The Senate reiterated on May 9 its approval for a degree of estate tax reform going forward that the insurance industry can support.
The Senate voted 51-44 to retain language in the budget resolution it passed March 23 that established the current-law 2009 estate tax rules: a $3.5 million-per-person exemption and a top tax rate of 45%, extending through 2012.
The vote dealt with the 5-year budget resolution that guides appropriating committees. While not binding, it allows appropriations bills that follow the guidelines to pass the Senate later under majority votes rather than the 60 votes needed under regular order.
The May 9 action was triggered by the House’s decision the day before to name conferees to negotiate a final budget resolution with conferees from the Senate.
The legislation then goes back to each house of Congress for another vote.
The May 9 vote was the result of an effort by Republicans to “instruct” conferees who will negotiate the budget blueprint for the next 5 years with the House to revise the language agreed upon in March.
The voting, done at the request of Sen. John Kyl, R-Ariz., chairman of the Senate Republican Conference, was designed to signal to core supporters that it continued to support the Bush administration program of low taxes, especially low estate tax rates.
The Kyl “instruction” on estate tax would have provided permanent estate tax relief with a top marginal rate of no higher than 35%, a lower rate for smaller estates, and a $5 million exemption. That “instruction” passed the Senate 59-41.
But then, in a vote immediately following a motion by Sen. Kent Conrad, D-N.D., a member of the Senate Finance Committee, conferees were instructed to support the March language in the budget language dealing with the estate tax, effectively negating the vote on the Kyl amendment.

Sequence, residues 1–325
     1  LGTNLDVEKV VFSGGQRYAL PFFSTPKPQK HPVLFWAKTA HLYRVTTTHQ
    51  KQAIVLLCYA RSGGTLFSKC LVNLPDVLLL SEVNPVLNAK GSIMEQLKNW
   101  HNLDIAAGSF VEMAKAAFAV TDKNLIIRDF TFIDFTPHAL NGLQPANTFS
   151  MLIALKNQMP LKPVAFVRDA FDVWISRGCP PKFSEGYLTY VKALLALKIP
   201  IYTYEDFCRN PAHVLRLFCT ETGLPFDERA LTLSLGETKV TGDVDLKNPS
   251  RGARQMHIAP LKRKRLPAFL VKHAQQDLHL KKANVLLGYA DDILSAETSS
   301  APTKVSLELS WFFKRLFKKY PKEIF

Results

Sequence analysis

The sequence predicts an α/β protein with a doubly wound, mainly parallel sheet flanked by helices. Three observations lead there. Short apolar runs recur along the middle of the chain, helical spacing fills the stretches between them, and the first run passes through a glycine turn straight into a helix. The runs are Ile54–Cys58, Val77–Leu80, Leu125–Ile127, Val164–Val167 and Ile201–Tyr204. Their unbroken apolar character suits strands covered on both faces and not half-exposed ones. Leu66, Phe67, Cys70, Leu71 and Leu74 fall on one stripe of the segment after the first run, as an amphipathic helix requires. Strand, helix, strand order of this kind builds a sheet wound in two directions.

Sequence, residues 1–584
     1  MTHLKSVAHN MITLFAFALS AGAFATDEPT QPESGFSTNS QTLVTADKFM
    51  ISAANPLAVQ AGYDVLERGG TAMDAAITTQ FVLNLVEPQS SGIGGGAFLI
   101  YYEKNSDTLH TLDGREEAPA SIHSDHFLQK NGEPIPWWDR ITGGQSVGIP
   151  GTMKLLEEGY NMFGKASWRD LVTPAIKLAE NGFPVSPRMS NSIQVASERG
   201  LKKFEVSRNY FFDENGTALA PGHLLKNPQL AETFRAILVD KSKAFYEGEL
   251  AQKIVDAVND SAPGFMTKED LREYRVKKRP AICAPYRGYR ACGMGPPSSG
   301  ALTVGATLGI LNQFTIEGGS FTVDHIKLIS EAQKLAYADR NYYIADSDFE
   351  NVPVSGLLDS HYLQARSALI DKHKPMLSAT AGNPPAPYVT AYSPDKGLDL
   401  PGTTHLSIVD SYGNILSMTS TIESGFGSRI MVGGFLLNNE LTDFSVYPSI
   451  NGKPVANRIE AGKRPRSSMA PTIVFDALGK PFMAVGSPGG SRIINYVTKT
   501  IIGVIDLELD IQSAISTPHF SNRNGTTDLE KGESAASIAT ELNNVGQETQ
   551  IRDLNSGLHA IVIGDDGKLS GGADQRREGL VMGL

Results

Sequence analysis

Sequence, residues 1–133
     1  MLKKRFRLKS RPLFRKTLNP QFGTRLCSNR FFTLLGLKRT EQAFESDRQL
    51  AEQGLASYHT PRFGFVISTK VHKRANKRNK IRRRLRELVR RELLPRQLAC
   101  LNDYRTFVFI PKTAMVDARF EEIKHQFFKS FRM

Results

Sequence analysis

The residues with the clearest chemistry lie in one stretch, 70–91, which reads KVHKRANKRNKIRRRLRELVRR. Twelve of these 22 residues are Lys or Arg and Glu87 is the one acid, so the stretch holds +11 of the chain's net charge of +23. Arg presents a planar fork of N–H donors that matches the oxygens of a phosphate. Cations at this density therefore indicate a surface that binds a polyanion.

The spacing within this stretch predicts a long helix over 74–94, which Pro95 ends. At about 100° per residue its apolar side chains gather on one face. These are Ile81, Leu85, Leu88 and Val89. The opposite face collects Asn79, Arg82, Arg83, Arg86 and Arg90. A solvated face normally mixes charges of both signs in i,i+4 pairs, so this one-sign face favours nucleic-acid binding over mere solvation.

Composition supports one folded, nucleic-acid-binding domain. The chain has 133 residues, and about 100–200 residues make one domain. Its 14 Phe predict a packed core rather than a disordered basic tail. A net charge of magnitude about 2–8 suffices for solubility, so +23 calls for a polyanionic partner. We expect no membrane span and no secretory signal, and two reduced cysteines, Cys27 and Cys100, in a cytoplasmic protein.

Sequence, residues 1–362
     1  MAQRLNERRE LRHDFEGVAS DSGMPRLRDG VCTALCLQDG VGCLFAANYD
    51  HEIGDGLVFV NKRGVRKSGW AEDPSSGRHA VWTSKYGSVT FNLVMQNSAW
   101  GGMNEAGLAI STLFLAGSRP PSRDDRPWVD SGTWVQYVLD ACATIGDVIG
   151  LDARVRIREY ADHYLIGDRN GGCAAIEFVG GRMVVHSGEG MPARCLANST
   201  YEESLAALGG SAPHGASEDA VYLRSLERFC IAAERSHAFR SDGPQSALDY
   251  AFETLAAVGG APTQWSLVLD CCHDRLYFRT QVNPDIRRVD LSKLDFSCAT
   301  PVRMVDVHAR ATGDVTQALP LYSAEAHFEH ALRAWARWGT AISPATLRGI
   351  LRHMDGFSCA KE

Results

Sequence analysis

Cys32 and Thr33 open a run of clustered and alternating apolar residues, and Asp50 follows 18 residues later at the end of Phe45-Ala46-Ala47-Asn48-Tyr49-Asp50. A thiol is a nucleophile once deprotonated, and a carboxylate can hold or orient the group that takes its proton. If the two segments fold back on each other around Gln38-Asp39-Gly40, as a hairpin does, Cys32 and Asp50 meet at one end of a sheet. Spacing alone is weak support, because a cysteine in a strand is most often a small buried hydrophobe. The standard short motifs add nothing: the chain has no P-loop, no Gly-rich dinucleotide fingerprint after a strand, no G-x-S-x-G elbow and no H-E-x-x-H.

Jana Barresi, director of policy and public affairs for the Association for Advanced Life Underwriting, said the trade group has consistently supported reasonable reform that will allow those subject to the estate tax to plan with certainty.
She said the outcome of the Kyl vote on the “motion to instruct” budget conferees “isn’t really anything new; we know there are some moderate Democrats who support a lower rate, but the reality is that the motion to instruct conferees doesn’t obligate the conferees to follow that suggestion, and the Baucus amendment passed in March stands as the Senate position in conference.”
In a subsequent motion to instruct conferees, the Senate reaffirmed by a vote of 51-44 its support for the existing Senate position on extension of tax cuts. The budget resolution doesn’t have the force of la–it sets fiscal guidelines for Congress to follow throughout the year–so any changes to tax law would have to be made through legislation, and any tax cuts that aren’t paid with offsets will be subject to 60 votes.
Barresi said AALU estimates that it costs $10 billion over 10 years for every 1% drop in the estate tax rate.
“In essence, the difference between a 35% rate and a 45% rate is $100 billion of lost revenue over 10 years,” she said. “In the pay-go environment, this is a significant amount of revenue.”